When it comes to data transfer, VMware smartly asks you to select the platform that you want a connected drive to associate itself with. VMware isn’t the quickest when it comes to data transfer, though, with a 4.36GB file transfer between systems from an NTFS-formatted pen drive taking 48 seconds.
Thanks to its Metal support, the graphics capabilities of VMware Fusion Pro are really great. This gives the virtual machine you are using a boost to performance and stability, although it’s anything but energy efficient.
Setting up VMware Fusion is less streamlined than it should be, as users need to go through several steps before they can actually use the software and install the desired operating system.
After purchase, users need to register the product by creating a VMware Fusion Account. Only after that hassle are they able to access their license key and start the download process.
From that moment on, getting Windows on a Mac is just a matter of having an install disk/DVD to hand or virtual machine that you want to import. The installation process is straightforward once you’ve decided which custom operating system (guest OS) you want to use with the virtual machine, including a variety of Windows platforms, Apple operating systems, Linux, Novel Netware, and much more. VMware Fusion users can also import previously used virtual machines.
The operating system will use the Mac’s internet settings to connect to networks and printers, so getting started is hassle free.
The $79.99 VMware Fusion license price tag includes the virtual machine software license and eligibility for an upgrade to the next major release. Upgrading from an earlier VMware Fusion version is cheaper, though, at $49.99. Fusion Pro, which includes additional features such as the ability to create linked clones, advanced networking, secure VM encryption, and other extras comes with a higher price tag of $159.99. However, before committing to a license users have 30 days to decide whether this virtual machine and its features fit their needs.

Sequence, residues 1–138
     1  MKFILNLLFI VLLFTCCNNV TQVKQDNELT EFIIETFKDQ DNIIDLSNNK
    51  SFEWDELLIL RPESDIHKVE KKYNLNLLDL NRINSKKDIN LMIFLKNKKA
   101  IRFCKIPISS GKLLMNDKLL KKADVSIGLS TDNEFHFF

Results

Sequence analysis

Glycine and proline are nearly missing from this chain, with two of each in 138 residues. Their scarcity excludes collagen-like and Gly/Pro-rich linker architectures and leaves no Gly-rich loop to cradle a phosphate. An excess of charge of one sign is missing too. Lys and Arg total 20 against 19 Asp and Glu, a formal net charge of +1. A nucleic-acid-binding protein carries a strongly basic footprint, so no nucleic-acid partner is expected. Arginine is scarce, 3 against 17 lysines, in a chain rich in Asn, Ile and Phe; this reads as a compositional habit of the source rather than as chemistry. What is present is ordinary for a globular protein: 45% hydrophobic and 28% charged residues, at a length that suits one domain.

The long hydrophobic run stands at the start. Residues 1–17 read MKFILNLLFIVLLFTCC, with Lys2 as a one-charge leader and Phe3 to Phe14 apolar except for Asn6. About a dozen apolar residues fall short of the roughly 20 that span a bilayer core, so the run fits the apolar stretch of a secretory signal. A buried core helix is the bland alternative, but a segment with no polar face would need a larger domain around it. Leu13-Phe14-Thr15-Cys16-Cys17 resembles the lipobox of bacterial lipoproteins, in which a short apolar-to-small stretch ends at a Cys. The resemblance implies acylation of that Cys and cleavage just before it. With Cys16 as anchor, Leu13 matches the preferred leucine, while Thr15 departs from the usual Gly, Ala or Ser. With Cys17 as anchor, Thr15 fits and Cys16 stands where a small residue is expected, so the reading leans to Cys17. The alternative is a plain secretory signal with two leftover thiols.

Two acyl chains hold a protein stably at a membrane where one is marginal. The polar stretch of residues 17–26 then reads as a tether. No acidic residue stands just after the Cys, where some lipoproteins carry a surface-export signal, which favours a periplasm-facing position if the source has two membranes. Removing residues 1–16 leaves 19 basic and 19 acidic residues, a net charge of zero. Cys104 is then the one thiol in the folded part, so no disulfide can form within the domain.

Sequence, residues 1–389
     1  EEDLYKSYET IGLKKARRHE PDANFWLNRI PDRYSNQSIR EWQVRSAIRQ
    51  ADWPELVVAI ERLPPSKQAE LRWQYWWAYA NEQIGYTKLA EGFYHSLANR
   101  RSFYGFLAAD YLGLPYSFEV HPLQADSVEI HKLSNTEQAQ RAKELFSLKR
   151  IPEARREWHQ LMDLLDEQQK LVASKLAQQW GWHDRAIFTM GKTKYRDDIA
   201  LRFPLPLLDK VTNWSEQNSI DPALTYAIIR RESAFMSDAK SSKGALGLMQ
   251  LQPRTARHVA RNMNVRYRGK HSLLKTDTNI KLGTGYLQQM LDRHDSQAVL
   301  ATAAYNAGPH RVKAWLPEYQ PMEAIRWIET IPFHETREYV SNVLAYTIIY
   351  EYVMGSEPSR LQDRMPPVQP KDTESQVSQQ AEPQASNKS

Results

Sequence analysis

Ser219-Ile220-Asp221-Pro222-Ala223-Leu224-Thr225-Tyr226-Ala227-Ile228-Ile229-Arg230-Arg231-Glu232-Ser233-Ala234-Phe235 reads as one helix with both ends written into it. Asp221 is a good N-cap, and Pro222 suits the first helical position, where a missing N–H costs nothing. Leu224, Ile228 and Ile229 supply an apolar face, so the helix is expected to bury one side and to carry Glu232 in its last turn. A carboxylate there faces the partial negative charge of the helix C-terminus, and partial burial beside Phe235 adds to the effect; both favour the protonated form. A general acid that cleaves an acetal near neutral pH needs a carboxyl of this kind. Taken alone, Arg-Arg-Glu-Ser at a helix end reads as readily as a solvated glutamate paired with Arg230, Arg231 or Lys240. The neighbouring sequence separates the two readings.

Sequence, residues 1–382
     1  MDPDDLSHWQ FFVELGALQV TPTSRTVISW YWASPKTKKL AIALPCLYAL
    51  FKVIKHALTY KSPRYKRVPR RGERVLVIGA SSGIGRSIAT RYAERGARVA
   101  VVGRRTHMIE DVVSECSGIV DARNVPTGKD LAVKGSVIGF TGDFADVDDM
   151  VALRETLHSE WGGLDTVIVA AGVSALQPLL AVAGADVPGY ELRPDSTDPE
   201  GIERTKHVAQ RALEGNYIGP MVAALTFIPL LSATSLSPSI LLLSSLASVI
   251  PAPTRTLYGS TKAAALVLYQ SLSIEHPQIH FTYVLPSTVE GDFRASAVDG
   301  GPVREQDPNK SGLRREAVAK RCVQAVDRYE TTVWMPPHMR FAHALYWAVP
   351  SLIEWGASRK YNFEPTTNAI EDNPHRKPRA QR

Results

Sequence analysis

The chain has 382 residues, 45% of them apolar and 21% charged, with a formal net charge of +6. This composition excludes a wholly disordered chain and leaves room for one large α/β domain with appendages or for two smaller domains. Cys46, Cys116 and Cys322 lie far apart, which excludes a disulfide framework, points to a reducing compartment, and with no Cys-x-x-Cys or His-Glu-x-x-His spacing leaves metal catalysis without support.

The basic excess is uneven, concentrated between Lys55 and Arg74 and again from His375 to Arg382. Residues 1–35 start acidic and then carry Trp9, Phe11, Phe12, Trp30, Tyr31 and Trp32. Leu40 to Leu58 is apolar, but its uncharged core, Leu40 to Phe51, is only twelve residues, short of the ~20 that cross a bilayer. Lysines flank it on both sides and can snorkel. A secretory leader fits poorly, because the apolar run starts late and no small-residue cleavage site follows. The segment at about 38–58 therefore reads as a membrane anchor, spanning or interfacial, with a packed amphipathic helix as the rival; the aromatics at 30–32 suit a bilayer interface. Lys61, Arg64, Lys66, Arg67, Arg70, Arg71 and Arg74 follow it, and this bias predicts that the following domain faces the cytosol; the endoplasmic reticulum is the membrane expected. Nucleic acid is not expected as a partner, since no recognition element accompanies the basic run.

For that price the user will get a lifetime VMware Fusion license for the available version. However, compared to its primary competitor, Parallels, VMware offers a per-user license and not per-Mac. This means users can install VMware Fusion on multiple Macs without any extra charge and the number of connected computers will appear in the My VMware account.
The company accepts all major credit card – Visa, Mastercard, Discover, American Express, JCB – as well as Diner’s Club, PayPal, purchase order, and wire transfer.
If you happen to run into issues while using VMware Fusion Pro, then the best way to get support is by visiting the Fusion Support Center. You can use the search field to find a quick answer in the knowledge base, read the guides, or get support by logging into your My VMware account.
Some of the knowledge base articles are accompanied by videos, which are very useful for understanding how things work. In case this doesn’t answer your question, VMware provides access to a community forum (registration required) where users can share their information and experiences, as well as user groups (VMUGs) for a group of live, local gatherings of VMware users. Every purchase includes complimentary installation support for up to 18 months following product registration.
Additional phone or web support from a Technical Support Engineer is available for purchase from the VMware store. Pricing depends on the number of incidents you expect to have per year.
If you are looking for a solid, user-friendly virtual machine, VMware Fusion is one of the best solutions you can get. What makes this product outstanding is not only its stability, Mac-friendly user interface and the accessibility of available features, but the graphical performance thanks to its support for Apple’s Metal Host Graphics Rendering Engine.
Although it lacks some of the features of its competitors, a major advantage of VMware Fusion is the company’s pricing strategy: instead of requiring a subscription you get a lifetime license, which is per-user not per-Mac – an obvious boon for users with multiple Macs. Of course, VMware will charge you for every major upgrade, but the software will still function regardless, so it’s up to the user to decide whether the extra features are appealing enough to shell out the money.